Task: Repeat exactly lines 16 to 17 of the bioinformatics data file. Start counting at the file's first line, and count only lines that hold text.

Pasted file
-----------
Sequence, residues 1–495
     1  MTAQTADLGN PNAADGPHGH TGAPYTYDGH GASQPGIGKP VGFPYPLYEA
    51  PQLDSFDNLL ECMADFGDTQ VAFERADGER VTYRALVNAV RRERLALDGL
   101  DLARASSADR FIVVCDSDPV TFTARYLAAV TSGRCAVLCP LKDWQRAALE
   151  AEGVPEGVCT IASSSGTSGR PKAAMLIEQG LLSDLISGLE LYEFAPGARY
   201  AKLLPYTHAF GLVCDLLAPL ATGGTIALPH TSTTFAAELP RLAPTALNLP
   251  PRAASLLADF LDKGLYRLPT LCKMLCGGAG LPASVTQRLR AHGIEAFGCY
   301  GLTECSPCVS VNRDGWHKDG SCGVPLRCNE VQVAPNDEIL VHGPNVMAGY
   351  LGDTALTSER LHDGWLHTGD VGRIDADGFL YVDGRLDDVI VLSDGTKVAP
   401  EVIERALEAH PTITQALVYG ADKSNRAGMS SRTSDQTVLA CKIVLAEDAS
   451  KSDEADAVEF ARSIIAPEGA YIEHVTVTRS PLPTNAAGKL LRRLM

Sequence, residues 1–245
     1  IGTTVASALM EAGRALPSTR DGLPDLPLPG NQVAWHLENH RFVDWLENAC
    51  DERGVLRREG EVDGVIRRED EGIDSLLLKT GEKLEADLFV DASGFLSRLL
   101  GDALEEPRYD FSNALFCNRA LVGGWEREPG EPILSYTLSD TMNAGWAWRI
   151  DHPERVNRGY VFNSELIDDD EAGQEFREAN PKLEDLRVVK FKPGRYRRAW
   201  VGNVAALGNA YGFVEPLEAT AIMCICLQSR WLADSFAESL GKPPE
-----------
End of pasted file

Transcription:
   151  DHPERVNRGY VFNSELIDDD EAGQEFREAN PKLEDLRVVK FKPGRYRRAW
   201  VGNVAALGNA YGFVEPLEAT AIMCICLQSR WLADSFAESL GKPPE